Figure 3: 30-day crude rates by ethnic groups for patients in long-term care. Data for patients who were in long-term care in the 90-day period before being tested positive for COVID-19. Error bars represent standard deviation. Asterisks indicate significant difference compared to the general crude rate. ED, emergency department; ICU, intensive care unit.

Figure 4: 30-day crude rates by ethnic groups for patients not in long-term care. Data for patients who were not in long-term care in the 90-day period before being tested positive for COVID-19. Error bars represent standard deviation. Asterisks indicate significant difference compared to the general crude rate. ED, emergency department; ICU, intensive care unit.

Figure 5: 30-day crude rates for by ethnic groups. Error bars represent standard deviation. Asterisks indicate significant difference compared to the general crude rate. ED, emergency department; ICU, intensive care unit.

For South Asians with COVID-19, the incidence of underlying diabetes was higher than the general population (19.7% vs 17.2%, p < 0.001), while they were lower in the following pre-morbid conditions: hypertension, heart failure, chronic obstructive pulmonary disease (COPD), dementia, and chronic kidney disease (p < 0.001). Only 3.2% of South Asians were in long-term care facilities compared to 12.2% in the general population (p < 0.001), and their incidence of hospitalization during the past 5 years from index was lower at 18.1% compared to 25.8% in the general population (p < 0.001) (Table 2). These differences could be due to the younger age of this cohort (Table 1). Their Charlson comorbidity index was significantly lower in incidence for heart failure, peripheral vascular disease, cerebrovascular disease, dementia, and COPD (p < 0.001) (Table 3). Their overall mortality rate was much lower at 2.1% compared to the general population of 5.0% (p < 0.001). The all cardiac complication rate was also lower at 0.6% vs 1.1% for the general population (p < 0.001), while the all neurological complication rate was similar to the general population (0.4% vs 0.5%, p = 0.526). Although their hospitalization rate was lower, there were no difference in their ICU admission rate and mechanical ventilation rate when compared to the general population (p > 0.05) (Figure 5). The 30-day crude rate for cardiac complications among South Asians was 40/10,000 (p = 0.526) compared to the general population at 112/10,000. The 30-day crude rate for neurological complications among South Asians was 64/10,000 (p = 0.008) compared to the general population of 48/10,000 (Figure 5).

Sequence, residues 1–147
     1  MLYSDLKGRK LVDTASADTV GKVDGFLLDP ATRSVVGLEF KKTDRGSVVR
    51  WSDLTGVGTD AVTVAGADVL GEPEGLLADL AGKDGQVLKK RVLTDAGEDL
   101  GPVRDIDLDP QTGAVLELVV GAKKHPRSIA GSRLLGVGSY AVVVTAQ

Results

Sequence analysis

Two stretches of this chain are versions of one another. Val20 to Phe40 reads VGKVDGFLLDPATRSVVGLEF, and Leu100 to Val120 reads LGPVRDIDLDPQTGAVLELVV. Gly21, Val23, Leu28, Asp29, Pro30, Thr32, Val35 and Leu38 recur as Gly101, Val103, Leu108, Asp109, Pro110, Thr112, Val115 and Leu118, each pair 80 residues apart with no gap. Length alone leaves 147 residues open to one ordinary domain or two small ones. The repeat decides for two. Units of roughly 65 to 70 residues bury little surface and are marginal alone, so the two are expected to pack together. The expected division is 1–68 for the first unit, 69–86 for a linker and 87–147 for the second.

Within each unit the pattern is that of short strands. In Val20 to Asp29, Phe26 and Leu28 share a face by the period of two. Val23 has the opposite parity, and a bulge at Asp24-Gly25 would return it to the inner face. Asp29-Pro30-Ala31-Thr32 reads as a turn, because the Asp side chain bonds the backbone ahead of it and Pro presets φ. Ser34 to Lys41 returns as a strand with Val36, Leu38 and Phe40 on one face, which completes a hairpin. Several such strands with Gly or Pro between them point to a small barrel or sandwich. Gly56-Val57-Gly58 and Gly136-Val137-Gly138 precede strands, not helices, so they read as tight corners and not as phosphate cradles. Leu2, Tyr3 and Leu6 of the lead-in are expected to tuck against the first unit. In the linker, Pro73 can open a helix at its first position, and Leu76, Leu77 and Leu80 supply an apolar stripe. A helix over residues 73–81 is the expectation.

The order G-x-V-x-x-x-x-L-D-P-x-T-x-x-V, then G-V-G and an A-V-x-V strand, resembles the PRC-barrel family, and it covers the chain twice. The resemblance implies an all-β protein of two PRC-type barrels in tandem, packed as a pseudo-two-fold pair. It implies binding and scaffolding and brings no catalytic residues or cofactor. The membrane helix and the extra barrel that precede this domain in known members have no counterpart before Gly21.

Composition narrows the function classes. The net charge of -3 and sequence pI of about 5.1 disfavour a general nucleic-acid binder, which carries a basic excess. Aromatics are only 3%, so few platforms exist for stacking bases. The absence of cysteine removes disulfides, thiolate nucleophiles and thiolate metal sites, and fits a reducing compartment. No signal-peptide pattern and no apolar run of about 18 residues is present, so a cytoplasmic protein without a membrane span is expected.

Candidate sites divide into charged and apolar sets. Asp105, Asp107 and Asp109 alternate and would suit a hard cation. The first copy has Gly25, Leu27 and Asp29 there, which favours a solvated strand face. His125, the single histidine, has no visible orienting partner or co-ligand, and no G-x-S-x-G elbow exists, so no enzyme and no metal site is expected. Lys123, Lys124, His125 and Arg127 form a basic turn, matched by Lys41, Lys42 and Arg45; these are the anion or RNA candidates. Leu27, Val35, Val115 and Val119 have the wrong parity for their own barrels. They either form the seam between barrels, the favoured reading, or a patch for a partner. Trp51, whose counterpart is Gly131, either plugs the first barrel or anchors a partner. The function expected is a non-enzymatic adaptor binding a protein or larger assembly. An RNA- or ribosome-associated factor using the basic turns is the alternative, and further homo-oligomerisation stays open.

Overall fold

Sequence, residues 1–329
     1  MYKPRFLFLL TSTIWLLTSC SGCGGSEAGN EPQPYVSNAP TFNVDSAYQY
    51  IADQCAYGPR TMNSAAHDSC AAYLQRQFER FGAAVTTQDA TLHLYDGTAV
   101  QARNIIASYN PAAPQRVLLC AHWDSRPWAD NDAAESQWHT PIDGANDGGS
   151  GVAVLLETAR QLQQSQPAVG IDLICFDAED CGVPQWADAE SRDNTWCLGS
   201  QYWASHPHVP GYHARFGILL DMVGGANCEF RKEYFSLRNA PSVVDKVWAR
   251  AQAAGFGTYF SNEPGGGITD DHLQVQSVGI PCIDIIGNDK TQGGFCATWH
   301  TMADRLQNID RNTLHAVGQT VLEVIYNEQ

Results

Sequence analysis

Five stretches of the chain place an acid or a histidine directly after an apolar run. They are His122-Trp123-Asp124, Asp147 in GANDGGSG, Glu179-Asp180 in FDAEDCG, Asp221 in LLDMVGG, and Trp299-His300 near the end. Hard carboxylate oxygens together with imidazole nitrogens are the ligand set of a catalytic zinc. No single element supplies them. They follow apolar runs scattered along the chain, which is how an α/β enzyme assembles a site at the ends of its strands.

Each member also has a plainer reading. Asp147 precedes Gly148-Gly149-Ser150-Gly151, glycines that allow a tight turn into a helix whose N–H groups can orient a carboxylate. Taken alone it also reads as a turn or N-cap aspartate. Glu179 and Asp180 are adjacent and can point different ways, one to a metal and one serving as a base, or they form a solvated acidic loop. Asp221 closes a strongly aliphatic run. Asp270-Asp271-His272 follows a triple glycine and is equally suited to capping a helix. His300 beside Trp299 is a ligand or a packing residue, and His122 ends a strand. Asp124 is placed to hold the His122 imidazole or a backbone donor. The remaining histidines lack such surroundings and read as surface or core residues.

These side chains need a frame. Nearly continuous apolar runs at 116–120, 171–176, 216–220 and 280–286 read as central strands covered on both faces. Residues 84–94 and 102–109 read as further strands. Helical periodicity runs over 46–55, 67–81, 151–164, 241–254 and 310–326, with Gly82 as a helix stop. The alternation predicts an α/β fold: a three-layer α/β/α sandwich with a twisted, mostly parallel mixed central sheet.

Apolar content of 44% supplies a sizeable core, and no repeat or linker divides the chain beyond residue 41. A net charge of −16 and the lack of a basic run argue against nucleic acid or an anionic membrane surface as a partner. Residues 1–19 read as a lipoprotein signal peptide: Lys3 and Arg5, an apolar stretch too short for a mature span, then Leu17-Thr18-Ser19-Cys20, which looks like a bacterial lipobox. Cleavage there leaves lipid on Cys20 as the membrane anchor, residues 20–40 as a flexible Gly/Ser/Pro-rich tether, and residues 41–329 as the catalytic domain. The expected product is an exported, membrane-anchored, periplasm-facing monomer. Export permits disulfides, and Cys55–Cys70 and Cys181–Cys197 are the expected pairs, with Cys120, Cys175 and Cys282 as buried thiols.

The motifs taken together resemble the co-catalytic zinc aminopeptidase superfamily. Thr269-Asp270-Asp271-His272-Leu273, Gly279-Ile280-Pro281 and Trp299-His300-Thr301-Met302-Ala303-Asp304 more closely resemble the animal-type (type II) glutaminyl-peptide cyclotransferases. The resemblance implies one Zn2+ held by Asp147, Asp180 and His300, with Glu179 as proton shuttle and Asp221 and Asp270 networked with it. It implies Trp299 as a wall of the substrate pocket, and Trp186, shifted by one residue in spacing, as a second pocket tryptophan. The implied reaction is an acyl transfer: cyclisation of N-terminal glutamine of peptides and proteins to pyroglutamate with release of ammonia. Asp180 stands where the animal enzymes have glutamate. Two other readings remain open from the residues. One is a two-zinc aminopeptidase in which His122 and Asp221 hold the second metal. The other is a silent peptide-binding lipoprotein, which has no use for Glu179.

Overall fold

Multivariable logistic regression analysis demonstrated that ethnicity is a major determinant for 30 days overall mortality, cardiac, and neurological complications, hospitalization, or emergency department visits (Table 4). Chinese ethnicity, independent of their age, sex, income quintile, and long-term care placement within 90 days prior to positive COVID-19 tests were found to have higher ORs for all these outcomes, while they were lower in South Asians compared to the general population (Table 5). For Chinese, their mortality OR = 1.743; cardiac complications OR = 1.433; neurological complications OR = 3.141; and hospitalization or emergency department visits OR = 1.437. For South Asians, their mortality OR = 0.981; cardiac complications OR = 0.707; neurological complications OR = 1.088; and hospitalization or emergency department visits OR = 0.869. (Figure 6)

Table 4: Absolute number of events by ethnic groups

ED = emergency department.

Table 5: Summary of odds ratios for death, cardiac complications, neurological complications, hospitalization, or emergency visits

CL = confidence limit, ED = Emergency department visit.

Odds ratios were obtained from logistic regression. Each ethic group was compared to the general population (General). Odds ratios that are significantly different from 1 are in bold.

Figure 6: Odds ratios for 30-day outcome in Chinese and South Asian compared to the general population. Red bars represent odds ratios for Chinese compared to the general population, and blue bars represent odds ratios for South Asian compared to the general population. Error bars represent standard deviation. Asterisks indicate odds ratios that are significantly greater than 1. ED, emergency department; ICU, intensive care unit.

Discussion